The media has to resolve this paradox. If he is an unparalleled communicator, how does Prime Minister Modi fail to convey the potential of his policy measures to people who stand to benefit? If he manages to make it work in elections and gather votes, then can it be the case that in governance too he is achieving what he intends? He intends to create disruption and dissonance and he succeeds on each occasion.
It is interesting and ironic that the people who are not directly affected by the measures taken by the government generally support them. They speak in the voice of the government and pity the grudging people who, according to them, fail to appreciate the “good intentions” of the government. Not only this, they actively defame the people who disagree and whenever possible also attack them.
Thus the harmony of society is broken. One section fails to connect with the other. This is happening possibly for the first time in India that a public has emerged which thinks that it is its duty to act as the loudspeaker of the government and help it discipline the disgruntled. For the first time, we started hearing chants like “Modi ji tum lattha bajaao, ham tumhaare saath hain.” A section of the population wants the government to do violence against other sections of the society. And is ready to participate in it.
Demonetisation devastated the lives of millions but there was absolutely no sympathy for them among a large section of the population. The move produced suspicion and envy towards each other. People started enjoying the misery of their fellow beings. The long queues before the banks brought taunts to those who complained: “If jawans can stand for 10 hours at the border, can’t you stand in the ATM queue for 1 hour?”
Similarly, the introduction of the goods and services tax (GST) proved to be a nightmare for small businesses. They are still struggling to survive and stand on their feet after demonetisation and GST. But there is an absolute lack of awareness of their troubles in other sections of the society, leave alone sympathy for them.
The move to do away with Article 370, break up the state of Jammu and Kashmir and degrade its status was seen as the ultimate humiliation by the people of the valley. But the rest of India saw it as their final victory over the people of the valley. The humiliation of one section of the people became the glory for the other section of the people.
The CAA similarly divided India vertically into two parts. One part just could not understand the feeling of alienation that the move had produced in the other part. The proposed NRC has generated fear in one community while the community fails to acknowledge the basis of this fear. Even after the horror that the NRC proved to be for the people of Assam, there is a vocal section even in Assam which wants to repeat that process, that has ruined the lives of lakhs in Assam.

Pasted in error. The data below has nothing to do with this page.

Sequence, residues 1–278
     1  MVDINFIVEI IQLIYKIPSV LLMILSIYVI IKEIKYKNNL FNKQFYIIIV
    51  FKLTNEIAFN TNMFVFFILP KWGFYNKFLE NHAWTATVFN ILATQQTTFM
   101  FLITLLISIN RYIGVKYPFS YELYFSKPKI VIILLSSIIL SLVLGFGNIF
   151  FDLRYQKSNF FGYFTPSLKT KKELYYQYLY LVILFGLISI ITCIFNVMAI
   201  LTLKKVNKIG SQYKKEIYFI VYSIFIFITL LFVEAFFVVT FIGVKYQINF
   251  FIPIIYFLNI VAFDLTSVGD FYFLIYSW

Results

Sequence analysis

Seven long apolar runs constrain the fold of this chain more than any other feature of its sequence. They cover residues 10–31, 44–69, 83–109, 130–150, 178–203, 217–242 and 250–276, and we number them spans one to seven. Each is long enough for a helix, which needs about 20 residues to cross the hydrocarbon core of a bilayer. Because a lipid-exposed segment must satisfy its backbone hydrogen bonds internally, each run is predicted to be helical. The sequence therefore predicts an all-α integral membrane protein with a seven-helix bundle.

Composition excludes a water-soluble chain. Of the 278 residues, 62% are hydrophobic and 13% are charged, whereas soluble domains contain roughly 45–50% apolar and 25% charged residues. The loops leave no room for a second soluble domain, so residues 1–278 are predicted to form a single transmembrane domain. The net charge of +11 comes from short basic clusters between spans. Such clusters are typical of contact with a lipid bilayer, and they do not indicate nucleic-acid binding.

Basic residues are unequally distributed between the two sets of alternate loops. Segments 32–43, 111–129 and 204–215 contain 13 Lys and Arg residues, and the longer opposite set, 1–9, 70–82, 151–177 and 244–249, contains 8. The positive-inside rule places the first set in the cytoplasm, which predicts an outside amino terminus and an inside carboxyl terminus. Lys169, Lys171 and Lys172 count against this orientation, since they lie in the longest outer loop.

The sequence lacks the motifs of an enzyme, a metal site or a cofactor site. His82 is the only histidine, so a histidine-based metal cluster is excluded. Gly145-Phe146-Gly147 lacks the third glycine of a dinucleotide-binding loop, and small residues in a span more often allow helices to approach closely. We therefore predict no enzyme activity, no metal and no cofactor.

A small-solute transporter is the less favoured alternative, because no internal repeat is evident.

The farm laws were opposed by farmers but the majority of non-farmers were made to believe that the farmers, for their selfish narrow short-term gains, wanted to obstruct reforms which were for the welfare of the nation. This vocal section blamed the obstinacy of the farmers for the withdrawal of the laws.
It is being repeated in the case of the Agnipath scheme. The despairing youngsters, finding no ear for their grievances, are resorting to protests.
This is what this government has been doing all these years – constantly disrupting life in all aspects and producing divisions among the masses. The Indian society is defined mainly by suspicion, envy, contempt for the ‘other’. Other as we define it for ourselves.
This disruption is very useful. It keeps the minds of people in a constant state of confusion and insecurity. An agitated mind can hardly think coherently. So the common Indian mind is a confused mind. There is no common ground on which all Indians can stand. A large part of the population has so decisively identified itself with the regime that any criticism of the regime is seen by it as an affront to itself.
Needless to say, this disruption, confusion and chaos is a blessing for the regime. It produces this state and then offers itself as the rescuer. It further tightens its grip on the people.
The latest Agnipath move will widen the divide in the society and confuse it even more. It is the job of the intellectuals to talk honestly to the people, to say what they know and speak openly. They have to articulate what the people have been doing with their wisdom. The farmers, the labour, Muslims, Adivasis and the youth! The most urgent job is to create a common ground of understanding which will be the beginning of the making of one Indian people.
Apoorvanand teaches Hindi at Delhi University.
(Courtesy The Wire)